Charities call for national post-coronavirus ‘mental health renewal plan’

A coalition of charities has called on prime minister Boris Johnson to create a ‘mental health renewal plan’ for England in the wake of the Covid-19 pandemic.

A total of 51 charities and social sector organisations have written a letter to Johnson calling for a cross-government approach to put the nation’s mental health at the heart of any Covid-19 recovery plan.

In the letter they said: “Before the crisis, many people in our society with mental health problems were already struggling to access the basic support needed to stay well. But with an estimated half a million more people likely to experience mental health problems as a result of the economic impact of the pandemic, continuing with business as usual is now not an option.

“We are calling on the government to work in full partnership with the mental health and wider voluntary sector and their allies to shape a New Social Contract for a mentally healthier society. Only through collaboration, partnership and fully involving people who are struggling with their mental health in the development of a plan can we prevent the looming mental health crisis, tackle health inequalities and enable the UK to rebound stronger from this pandemic,” the letter added.

The letter also highlighted that research had shown that almost 80% of people living with mental illness had reported their mental health has got worse as a result of the crisis. More than 7,000 times a day people struggling to cope were receiving emotional support from Samaritans, and almost half of the UK population was experiencing high levels of anxiety, it said.

A survey of more than 16,000 people during lockdown by the mental health charity Mind had also suggested two out of three adults (65%) over the age of 25 and three-quarters of young people (75%) aged 13-24 with an existing mental health problem had reported worse mental health during lockdown.

The charity urged the government to include five key tests as part of any recovery plan for mental health: investing in community services; protecting those most at risk and addressing inequalities faced by people from Black, Asian and other minority ethnic communities; reforming the Mental Health Act; providing a financial safety net through the benefits system; and supporting children and young people.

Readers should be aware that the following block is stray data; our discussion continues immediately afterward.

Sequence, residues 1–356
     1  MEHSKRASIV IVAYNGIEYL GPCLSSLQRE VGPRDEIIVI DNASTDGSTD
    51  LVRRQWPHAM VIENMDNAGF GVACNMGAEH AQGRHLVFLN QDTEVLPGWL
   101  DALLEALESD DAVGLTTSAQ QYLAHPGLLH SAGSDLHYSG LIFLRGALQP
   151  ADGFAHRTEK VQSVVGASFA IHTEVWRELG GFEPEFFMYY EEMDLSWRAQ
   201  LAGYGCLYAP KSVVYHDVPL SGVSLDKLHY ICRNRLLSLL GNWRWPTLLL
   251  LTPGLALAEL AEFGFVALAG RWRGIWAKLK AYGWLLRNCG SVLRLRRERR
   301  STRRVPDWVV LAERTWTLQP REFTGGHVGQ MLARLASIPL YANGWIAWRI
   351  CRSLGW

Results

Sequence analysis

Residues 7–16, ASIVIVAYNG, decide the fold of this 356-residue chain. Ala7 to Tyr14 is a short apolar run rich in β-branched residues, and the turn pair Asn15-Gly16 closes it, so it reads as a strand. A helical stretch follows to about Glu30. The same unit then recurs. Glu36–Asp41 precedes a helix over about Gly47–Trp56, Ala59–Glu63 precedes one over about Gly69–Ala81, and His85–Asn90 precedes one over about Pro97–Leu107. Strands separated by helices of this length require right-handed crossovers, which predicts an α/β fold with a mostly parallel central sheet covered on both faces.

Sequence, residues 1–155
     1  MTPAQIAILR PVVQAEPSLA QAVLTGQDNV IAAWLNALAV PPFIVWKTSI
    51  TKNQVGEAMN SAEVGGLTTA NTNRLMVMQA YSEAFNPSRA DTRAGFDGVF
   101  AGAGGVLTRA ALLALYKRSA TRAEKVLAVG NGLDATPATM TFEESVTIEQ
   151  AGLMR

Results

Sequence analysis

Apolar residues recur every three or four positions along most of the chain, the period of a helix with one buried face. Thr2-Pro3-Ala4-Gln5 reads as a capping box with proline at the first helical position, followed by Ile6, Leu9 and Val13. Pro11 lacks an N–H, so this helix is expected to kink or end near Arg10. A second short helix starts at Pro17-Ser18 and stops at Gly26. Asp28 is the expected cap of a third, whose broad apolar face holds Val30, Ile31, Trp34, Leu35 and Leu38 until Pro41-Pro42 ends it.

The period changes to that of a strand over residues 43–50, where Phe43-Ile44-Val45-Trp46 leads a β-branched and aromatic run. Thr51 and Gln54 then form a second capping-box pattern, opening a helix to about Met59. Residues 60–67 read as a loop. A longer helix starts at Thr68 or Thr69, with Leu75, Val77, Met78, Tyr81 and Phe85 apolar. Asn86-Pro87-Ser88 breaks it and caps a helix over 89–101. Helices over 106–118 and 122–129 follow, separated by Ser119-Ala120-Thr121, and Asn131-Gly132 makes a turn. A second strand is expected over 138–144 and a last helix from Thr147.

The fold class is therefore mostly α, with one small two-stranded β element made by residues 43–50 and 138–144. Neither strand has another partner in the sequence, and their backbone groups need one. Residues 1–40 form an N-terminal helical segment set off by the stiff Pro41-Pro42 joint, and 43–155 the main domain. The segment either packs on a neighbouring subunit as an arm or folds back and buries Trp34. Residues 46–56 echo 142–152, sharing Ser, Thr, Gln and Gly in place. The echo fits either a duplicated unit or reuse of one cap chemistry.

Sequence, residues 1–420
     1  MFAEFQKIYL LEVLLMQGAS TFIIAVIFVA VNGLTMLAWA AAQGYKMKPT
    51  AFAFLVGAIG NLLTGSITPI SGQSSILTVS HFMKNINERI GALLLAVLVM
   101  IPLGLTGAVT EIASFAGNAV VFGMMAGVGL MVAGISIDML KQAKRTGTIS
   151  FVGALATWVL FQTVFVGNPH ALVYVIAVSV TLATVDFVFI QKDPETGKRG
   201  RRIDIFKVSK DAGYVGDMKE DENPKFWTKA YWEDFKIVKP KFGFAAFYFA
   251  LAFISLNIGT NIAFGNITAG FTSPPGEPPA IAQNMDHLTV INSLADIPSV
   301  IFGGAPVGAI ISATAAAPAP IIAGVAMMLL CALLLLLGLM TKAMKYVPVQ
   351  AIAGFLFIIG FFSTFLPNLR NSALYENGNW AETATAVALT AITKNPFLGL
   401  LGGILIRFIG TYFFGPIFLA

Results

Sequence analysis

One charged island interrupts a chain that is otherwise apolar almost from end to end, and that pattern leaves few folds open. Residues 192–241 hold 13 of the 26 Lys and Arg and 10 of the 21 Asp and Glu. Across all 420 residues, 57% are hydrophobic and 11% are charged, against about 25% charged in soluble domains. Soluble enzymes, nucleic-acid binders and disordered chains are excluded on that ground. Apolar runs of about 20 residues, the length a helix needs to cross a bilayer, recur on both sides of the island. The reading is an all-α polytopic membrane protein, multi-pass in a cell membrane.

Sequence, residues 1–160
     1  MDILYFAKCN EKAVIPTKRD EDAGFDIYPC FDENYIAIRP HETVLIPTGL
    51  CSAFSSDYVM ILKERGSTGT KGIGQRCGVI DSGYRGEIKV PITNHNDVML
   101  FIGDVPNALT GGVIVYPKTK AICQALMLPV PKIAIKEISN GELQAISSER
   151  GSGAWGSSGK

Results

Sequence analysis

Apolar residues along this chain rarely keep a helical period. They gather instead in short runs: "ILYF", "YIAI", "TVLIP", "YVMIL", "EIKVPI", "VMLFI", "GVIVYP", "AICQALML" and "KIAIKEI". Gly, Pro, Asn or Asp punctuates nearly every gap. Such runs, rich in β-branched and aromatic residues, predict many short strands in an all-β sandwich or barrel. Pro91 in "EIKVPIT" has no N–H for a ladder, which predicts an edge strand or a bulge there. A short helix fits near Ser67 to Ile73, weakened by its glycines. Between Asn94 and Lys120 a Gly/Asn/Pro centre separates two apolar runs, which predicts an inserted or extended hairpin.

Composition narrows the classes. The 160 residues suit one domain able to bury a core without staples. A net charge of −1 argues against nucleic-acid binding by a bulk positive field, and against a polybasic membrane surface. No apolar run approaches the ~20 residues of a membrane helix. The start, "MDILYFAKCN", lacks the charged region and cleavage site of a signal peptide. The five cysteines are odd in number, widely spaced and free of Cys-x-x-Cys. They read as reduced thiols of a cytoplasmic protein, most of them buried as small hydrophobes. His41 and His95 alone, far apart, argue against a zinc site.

Paul Farmer, chief executive of Mind, added: “The coronavirus pandemic is as much a mental health emergency as it is a physical one. The devastating loss of life, the impact of lockdown, and the inevitable recession that lies ahead will leave a deep and lasting scar on our nation’s mental health.

“Those of us who were already struggling with our mental health have fared worst, but we also know that many people who were previously well will now develop mental health problems, as a direct consequence of the pandemic.”

Separately, a study from private healthcare provider Bupa has warned that eight out of 10 people had experienced potential symptoms of poor mental health during the weeks of lockdown, yet almost half had not told anyone.

Those with symptoms planned to delay seeking medical help by as much as 50 days or until things were “back to normal”, and more than half (52%) were worried about what life would be like as lockdown measures are eased, it added.

The full list of signatories in the letter to the prime minister was:

  • Caroline Abrahams, CEO, Age UK
  • Kate Lee, CEO, Alzheimer’s Society
  • Michael Samuel, Chair of Board, Anna Freud National Centre for Children and Families
  • Kathy Roberts, CEO, Association of Mental Health Providers
  • Emma Rigby, CEO, Association of Young People’s Health
  • Kay Boycott, CEO, Asthma UK
  • Andrew Radford, CEO, Beat
  • Kay Boycott, CEO, British Lung Foundation
  • Helen Walker, CEO, Carers UK
  • Sarah Hughes, CEO, Centre for Mental Health
  • Clare Stafford CEO, Charlie Waller Memorial Trust
  • Poppy Jaman, CEO, City Mental Health Alliance
  • Steven Wibberley, CEO, Cruse Bereavement Care
  • Chris Askew, CEO, Diabetes UK
  • Sinead McBrearty, CEO, Education Support
  • Ronnie Wilson, CEO, First Step Trust
  • Paula Ojok, CEO, Helplines Partnership
  • Natalie Seymour, Clinical Psychologies/Clinical Lead, MAC-UK
  • Matthew Reed, CEO, Marie Curie
  • Alison Pay, CEO, Mental Health at Work
  • Simon Blake, CEO, Mental Health First Aid England
  • Mark Rowland, CEO, Mental Health Foundation
  • Victoria Hornby, CEO, Mental Health Innovations
  • Sean Duggan, CEO, Mental Health Network
  • Brian Dow, CEO, Mental Health UK
  • Paul Farmer, CEO, Mind
  • Anna Feuchtwang, CEO, National Children’s Bureau & Chair of the End Child Poverty Coalition
  • Jacqui Morrissey, Co-Chair, National Suicide Prevention Alliance
  • Akiko Hart, CEO, National Survivor User Network
  • Leigh Wallbank, CEO, OCD Action
  • Ged Lynn, CEO, PAPYRUS
  • Catherine Roche, CEO, Place2Be
  • Jabeer Butt, CEO, Race Equality Foundation
  • Mark Winstanley, CEO, Rethink Mental Illness
  • Nathan Dick, Head of Policy, Revolving Doors Agency
  • Neil Tester, Director, Richmond Group of Charities
  • Catherine Johnstone, CEO, Royal Voluntary Services
  • Ruth Sutherland, CEO, Samaritans
  • James Watson O’Neill, CEO, SignHealth
  • Nancy Kelley, CEO, Stonewall
  • Juliet Bouverie, CEO, Stroke Association
  • Rosie Tressler, CEO, Student Minds
  • Brendan Hill, CEO, The Concern Group
  • Chris Martin, CEO, The Mix
  • Amanda Janoo, Knowledge and Policy Lead, The Wellbeing Economy Alliance
  • Phil Pyatt, CEO, TimeBank
  • Linda Bryant, CEO, Together for Mental Wellbeing
  • Thomas Lawson, CEO, Turn2us
  • Liam O’Toole, CEO, Versus Arthritis
  • Emma Thomas, CEO, YoungMinds
  • Barry Williams, Interim CEO, Youth Access

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